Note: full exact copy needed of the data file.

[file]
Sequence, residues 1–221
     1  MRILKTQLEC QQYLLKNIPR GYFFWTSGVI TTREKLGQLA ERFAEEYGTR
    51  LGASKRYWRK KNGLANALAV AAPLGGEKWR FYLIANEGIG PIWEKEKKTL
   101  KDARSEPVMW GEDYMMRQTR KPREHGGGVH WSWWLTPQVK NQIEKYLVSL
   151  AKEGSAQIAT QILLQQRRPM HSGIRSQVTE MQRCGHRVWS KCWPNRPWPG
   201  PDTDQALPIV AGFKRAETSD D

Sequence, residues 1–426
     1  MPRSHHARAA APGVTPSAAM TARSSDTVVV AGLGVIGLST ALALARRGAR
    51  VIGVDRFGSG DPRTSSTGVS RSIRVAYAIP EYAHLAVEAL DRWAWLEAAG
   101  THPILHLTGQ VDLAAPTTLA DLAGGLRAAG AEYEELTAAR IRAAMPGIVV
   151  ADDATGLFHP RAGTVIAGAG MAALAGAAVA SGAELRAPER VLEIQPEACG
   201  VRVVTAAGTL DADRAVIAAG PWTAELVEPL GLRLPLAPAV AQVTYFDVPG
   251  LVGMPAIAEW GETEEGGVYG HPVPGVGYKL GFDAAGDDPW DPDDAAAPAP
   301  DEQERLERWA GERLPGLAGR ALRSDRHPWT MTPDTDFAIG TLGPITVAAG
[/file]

Sequence, residues 1–221
     1  MRILKTQLEC QQYLLKNIPR GYFFWTSGVI TTREKLGQLA ERFAEEYGTR
    51  LGASKRYWRK KNGLANALAV AAPLGGEKWR FYLIANEGIG PIWEKEKKTL
   101  KDARSEPVMW GEDYMMRQTR KPREHGGGVH WSWWLTPQVK NQIEKYLVSL
   151  AKEGSAQIAT QILLQQRRPM HSGIRSQVTE MQRCGHRVWS KCWPNRPWPG
   201  PDTDQALPIV AGFKRAETSD D

Sequence, residues 1–426
     1  MPRSHHARAA APGVTPSAAM TARSSDTVVV AGLGVIGLST ALALARRGAR
    51  VIGVDRFGSG DPRTSSTGVS RSIRVAYAIP EYAHLAVEAL DRWAWLEAAG
   101  THPILHLTGQ VDLAAPTTLA DLAGGLRAAG AEYEELTAAR IRAAMPGIVV
   151  ADDATGLFHP RAGTVIAGAG MAALAGAAVA SGAELRAPER VLEIQPEACG
   201  VRVVTAAGTL DADRAVIAAG PWTAELVEPL GLRLPLAPAV AQVTYFDVPG
   251  LVGMPAIAEW GETEEGGVYG HPVPGVGYKL GFDAAGDDPW DPDDAAAPAP
   301  DEQERLERWA GERLPGLAGR ALRSDRHPWT MTPDTDFAIG TLGPITVAAG